yum groupinstall -y development
yum groupinstall -y 'development tools'
Note: The former (shorter) version might not work on older distributions of CentOS.
To download some additional packages which are handy:
yum install -y zlib-devel openssl-devel sqlite-devel bzip2-devel
Note: Instructions given here can be used to download any version of Python. You will just need to replace the version stated (which is 2.7.6 in the example below) with the version you require (e.g. 3.3.3). You can install and use multiple versions at the same time. However, you will need to specify their version during the execution (i.e. instead of python, you will need to use python2.7 or python3.3)
Let’s begin with retrieving the (compressed) archive containing Python source code. We will target
This file is compressed using XZ library. Your system, depending on its version, might not have it. If that is the case, run the following to install XZ library:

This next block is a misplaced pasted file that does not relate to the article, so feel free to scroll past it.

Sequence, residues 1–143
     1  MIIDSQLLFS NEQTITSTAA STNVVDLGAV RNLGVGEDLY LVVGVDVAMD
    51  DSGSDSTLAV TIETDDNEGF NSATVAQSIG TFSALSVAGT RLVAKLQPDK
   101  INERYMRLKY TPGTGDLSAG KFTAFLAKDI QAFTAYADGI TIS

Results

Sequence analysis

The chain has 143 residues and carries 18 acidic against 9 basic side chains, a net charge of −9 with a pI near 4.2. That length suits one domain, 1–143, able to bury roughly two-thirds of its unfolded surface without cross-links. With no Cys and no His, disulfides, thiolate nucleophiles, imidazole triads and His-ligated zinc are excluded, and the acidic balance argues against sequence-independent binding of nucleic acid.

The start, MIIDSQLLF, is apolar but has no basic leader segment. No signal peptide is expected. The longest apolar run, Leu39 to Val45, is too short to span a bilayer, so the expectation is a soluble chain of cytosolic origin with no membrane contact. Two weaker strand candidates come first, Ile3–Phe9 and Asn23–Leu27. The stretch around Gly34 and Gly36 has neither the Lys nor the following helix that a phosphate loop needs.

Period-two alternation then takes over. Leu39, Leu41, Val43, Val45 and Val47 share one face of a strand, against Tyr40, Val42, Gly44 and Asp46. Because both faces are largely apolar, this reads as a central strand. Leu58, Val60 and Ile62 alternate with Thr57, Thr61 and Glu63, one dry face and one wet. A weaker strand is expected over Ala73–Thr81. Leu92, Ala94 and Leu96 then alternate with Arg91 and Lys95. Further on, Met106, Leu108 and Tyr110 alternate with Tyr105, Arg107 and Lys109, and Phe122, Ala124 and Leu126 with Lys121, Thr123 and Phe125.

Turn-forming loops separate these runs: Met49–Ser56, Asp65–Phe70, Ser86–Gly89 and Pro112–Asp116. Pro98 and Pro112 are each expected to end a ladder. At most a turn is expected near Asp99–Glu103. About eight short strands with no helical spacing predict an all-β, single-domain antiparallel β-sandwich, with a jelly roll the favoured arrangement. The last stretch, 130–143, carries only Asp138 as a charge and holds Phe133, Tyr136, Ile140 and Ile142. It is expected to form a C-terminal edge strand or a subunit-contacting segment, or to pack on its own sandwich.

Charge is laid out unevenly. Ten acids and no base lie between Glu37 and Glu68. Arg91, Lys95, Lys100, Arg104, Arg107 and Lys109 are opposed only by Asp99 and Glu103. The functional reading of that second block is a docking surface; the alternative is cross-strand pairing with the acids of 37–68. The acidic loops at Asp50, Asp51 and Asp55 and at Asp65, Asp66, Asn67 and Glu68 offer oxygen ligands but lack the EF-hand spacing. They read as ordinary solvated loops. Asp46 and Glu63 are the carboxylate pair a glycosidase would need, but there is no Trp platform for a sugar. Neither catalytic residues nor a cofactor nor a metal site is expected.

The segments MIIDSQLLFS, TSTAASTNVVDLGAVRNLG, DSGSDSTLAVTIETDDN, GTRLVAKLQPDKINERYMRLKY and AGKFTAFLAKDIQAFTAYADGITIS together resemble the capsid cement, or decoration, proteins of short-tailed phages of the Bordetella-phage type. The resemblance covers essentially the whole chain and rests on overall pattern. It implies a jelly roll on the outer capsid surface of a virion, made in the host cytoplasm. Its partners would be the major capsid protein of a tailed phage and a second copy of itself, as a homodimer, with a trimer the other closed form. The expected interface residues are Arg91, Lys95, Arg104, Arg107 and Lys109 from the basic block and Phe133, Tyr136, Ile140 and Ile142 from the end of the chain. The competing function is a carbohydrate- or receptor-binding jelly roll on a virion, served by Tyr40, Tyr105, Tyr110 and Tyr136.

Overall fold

yum install xz-libs
Decode the XZ archive, and extracting the tar archive’s contents:
# Let's decode (-d) the XZ encoded tar archive: xz -d Python-2.7.6.tar.xz # Now we can perform the extraction: tar -xvf Python-2.7.6.tar
Verify the codebase using
# Enter the file directory: cd Python-2.7.6 # Start the configuration (setting the installation directory) # By default files are installed in /usr/local. # You can modify the --prefix to modify it (e.g. for $HOME). ./configure --prefix=/usr/local
Build and install Python 2.7.6:
# Let's build (compile) the source # This procedure can take awhile (~a few minutes) make && make altinstall
[Optional Step] Adding New Python Installation Location to PATH: